University Students Once Robbed a Commuter Train as a Prank

University Students Once Robbed a Commuter Train as a Prank

In 1963, a train on the shortest commuter rail line in America was stopped then robbed while it was on its way to its destination station. The robbery was performed by Princeton students dressed up as cowboys on horseback who somehow got away with it.

The Princeton Branch is a 5 km long commuter rail line operated by New Jersey Transit with one destination: Princeton University. A short branch of the Northeast Corridor, it is the shortest commuter rail line in the United States. The line, sometimes called the Dinky or Princeton Junction and Back, is not just used by students and faculty, but by locals and commuters headed to Princeton’s business district. On May 3, 1963, the Princetoniana Museum notes, the line would also be the site of a train robbery done as a prank by Princeton students.

On that day, the train — powered by a Pennsylvania Railroad MP54 electric railcar — was running full of commuter passengers and college women travelling to campus to meet their dates. Before it could reach its one and only stop, the engineer in control spotted an empty convertible parked on the tracks. They stopped the train, only to see a horse appear from the woods at full gallop. Its rider was dressed up like a cowboy and held a revolver. Three more men dressed as cowboys emerged on their own horses to join the first man.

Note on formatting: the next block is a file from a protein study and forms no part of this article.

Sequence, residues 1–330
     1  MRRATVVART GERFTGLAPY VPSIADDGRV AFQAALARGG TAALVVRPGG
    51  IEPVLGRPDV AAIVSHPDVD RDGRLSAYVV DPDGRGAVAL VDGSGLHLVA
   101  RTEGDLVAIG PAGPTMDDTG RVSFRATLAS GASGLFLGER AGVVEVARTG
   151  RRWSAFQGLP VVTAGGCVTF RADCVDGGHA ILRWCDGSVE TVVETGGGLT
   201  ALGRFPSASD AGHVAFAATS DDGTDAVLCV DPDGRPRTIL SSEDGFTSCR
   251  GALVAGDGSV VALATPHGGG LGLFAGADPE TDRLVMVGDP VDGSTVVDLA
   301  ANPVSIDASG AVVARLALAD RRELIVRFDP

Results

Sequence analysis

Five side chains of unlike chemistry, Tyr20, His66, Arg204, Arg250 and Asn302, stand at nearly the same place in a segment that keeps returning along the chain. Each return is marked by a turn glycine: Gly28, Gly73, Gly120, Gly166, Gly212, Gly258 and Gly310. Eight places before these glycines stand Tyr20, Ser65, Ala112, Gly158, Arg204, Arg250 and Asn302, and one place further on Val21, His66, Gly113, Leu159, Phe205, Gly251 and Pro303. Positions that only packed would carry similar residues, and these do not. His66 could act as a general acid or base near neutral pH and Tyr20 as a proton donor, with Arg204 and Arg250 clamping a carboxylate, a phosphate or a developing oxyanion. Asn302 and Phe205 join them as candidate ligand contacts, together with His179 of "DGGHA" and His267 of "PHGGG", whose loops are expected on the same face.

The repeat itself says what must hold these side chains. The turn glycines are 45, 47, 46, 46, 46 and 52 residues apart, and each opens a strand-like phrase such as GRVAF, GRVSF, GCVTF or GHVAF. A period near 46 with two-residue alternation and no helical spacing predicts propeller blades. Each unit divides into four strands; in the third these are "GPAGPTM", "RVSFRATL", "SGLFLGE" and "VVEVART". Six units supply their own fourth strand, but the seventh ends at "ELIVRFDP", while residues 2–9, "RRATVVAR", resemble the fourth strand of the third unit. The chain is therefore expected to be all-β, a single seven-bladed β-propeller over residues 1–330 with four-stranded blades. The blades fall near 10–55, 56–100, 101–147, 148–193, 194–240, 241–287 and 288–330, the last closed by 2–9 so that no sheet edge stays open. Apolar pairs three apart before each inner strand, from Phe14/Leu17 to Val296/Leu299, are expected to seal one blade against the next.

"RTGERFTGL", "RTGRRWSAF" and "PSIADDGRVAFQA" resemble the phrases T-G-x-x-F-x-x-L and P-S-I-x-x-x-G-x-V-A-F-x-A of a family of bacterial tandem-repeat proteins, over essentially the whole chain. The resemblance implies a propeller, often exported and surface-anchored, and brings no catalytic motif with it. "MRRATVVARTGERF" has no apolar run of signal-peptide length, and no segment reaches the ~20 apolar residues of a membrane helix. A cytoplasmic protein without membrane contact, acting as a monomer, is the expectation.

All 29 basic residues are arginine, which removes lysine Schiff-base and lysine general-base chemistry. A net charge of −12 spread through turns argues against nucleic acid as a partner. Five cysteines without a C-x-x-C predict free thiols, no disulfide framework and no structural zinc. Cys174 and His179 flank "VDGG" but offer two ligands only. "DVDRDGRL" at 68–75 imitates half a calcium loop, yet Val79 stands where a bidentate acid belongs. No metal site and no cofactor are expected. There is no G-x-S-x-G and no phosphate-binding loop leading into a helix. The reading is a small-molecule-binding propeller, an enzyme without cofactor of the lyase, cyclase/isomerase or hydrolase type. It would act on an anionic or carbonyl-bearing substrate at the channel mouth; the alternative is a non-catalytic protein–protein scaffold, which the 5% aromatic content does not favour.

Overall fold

Photo: Roger Puta / Wikimedia Commons, Other

The men boarded the train, with the leader firing his revolver loaded with blanks and telling everyone to stay in their seats. As the New York Times reported, everyone onboard the train was screaming and throwing their wallets at the men. But they weren’t there for money. All four men grabbed a woman, hauled them off of the train and rode off into the woods. The men felt like they were in a western as they galloped away. It was all filmed on video, which could be viewed here.

Princeton’s train eventually reached its station, where the remaining passengers told the story of the hold up.

The man behind the operation was George R. Bunn Jr. of the Bunn coffee maker family. As Princetoniana Museum notes, he never really obeyed the rules, having an illegal ocelot in his dorm and often breaking the university’s cohabitation rule. He also loved extreme pranks, and once attacked a rival club with a bulldozer.

Three other men assisted in the prank and as both Princeton and the New York Times explain, the women were in on it, too.

We didn’t have dates on the train. We just picked the four girls we thought were most likely to play along and told them what was going on.

The school’s administrators were aware of the event and the railroad was understandably not pleased. Yet amazingly, they got away with it without discipline or charges filed against them.

Princetoniana rightfully points out that such a robbery, even if it was just a prank, would never fly today. I imagine attacking a rival club with a bulldozer also wouldn’t be cool with the authorities, either. Even then, it’s a little astonishing that nothing came of a prank that seemed so real that scared people were throwing their wallets at them.

The Princeton Branch still runs today and no student has tried an operation of this calibre since.